The dining room during demolition.


The original dining room is transformed into a cozy sitting area opening into the sleek new kitchen.

A large, front facing bay window frames the room and fills it with natural light.

Photo: via Cody Brown

The original kitchen featured a small eat-in area and faux brick wall.

Photos: Cody Brown

The original kitchen in the early demolition stage.

The wall between the original dining room and kitchen is removed to open and enlarge the space.  (View from original dining room towards original kitchen space.)

View from original kitchen towards front of home, where original dining room was located.

The new kitchen layout begins and drywall goes up.

Kitchen fixtures continue to be installed as floor color samples are tested.

Photo: Melissa Field

A gorgeous, state-of-the-art kitchen takes the place of the cramped, multi-room former kitchen space.  The new kitchen design’s large center island provides ample seating and great entertaining space.

Photo: Melissa Field

Warm wood butcher block counters complement the sleek quartz island counter.  Matte black and gold pendant lights mirror the matte black cabinet hardware and matte black and gold faucet.

Photo: Melissa Field

A new powder room (the home originally lacked a first floor bath) was constructed off the kitchen.

Built in shelving provides storage for towels and displays for decor and art.

A salvaged antique door opens into the new powder bath, decorated with layered mirrors over the vanity.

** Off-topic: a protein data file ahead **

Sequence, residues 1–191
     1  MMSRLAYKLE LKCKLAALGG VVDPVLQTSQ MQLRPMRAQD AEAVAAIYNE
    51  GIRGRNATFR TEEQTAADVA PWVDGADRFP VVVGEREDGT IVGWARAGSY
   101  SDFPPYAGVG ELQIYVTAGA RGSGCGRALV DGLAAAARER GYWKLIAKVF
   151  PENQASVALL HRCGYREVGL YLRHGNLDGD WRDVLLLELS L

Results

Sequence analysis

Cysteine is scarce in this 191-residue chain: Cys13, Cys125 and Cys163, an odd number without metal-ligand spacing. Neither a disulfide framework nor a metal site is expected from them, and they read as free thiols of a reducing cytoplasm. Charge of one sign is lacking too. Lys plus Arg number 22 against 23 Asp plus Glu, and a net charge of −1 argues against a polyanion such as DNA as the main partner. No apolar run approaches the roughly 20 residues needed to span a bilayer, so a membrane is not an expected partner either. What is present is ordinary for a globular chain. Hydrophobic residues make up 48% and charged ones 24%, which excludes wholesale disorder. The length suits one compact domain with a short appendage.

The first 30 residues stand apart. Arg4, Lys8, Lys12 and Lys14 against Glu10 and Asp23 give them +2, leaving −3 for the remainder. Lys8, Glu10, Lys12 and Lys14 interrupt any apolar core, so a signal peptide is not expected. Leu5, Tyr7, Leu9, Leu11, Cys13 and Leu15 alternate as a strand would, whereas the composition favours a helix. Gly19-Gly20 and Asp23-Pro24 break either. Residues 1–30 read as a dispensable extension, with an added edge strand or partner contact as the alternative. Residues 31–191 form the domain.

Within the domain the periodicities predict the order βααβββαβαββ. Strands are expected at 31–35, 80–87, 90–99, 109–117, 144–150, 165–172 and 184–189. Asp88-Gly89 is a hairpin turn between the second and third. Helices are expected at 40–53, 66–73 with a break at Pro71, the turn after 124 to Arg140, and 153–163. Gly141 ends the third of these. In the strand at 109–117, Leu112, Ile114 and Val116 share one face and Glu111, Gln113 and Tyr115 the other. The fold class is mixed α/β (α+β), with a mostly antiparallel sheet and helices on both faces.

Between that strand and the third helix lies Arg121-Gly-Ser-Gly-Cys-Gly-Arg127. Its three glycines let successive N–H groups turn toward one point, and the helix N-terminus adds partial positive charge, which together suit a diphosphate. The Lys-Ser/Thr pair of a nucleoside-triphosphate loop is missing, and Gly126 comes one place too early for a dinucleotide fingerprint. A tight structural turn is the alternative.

“Our big changes on the main floor involved maximizing the size of the kitchen, which eliminated one of the exterior exits to the backyard and adding a half bath,” Tom said, “Adding the centrally located powder bath helped us keep the circular flow of the main level intact.  Both Cody and I are really happy with how the placement of the powder bath worked out.”

Cody echoes Tom’s statement by saying, “We have a good mix of casual yet we maintain a formal feel with the placement of the dining room.  It still feels open and intentional but it was kind of unintentional in how well the flow worked out.”

By eliminating an exterior exit to the backyard, originally located off the kitchen, as mentioned by Tom, allowed for a new exit to be added to the formal dining room.  Tom said, “The existing two exterior entrances were redundant so it was a logical choice that worked out.”

Photos of the back of the home during the demo phase, a back door leading into the mudroom still exists.  A side door off the kitchen has been eliminated.

Floating decking is added off the new dining room French doors.  The Japanese inspired deck “pads” offer a modern twist that leads to the new outdoor entertaining space.

The covered patio area received a coat of paint, newly designed pillars, custom chandelier and built in serving station.


Double barn-style garage doors salvaged from Tom and Cody’s previous 56th Street renovation project serve as a wall enclosing one side of the patio area.  The doors served a functional as well as decorative purpose.  While running into problems with where they were going to mount electrical for the home, the doors provided a camouflage for the utilities while also serving as a stylish privacy wall.  The addition of this “wall” makes the patio space feel like an outdoor room and extension of the home’s living areas.


A signature Cody Brown decor element of turning the ordinary into art is displayed on the patio table.  “Rock, Paper, Scissors” take a playful turn in glass canisters.


Impressed yet?  Well there is so much more to show!  Stay tuned for Part 2, coming tomorrow, as we take a look at the before and after on the second floor.  A LOT happened up there that you will not want to miss!


All photos and content are created and owned by Courtney Payne unless otherwise credited.

1 Comment

  1. Sam
    November 19, 2018 / 7:04 am

    Phenomenal 🥂stunning 💍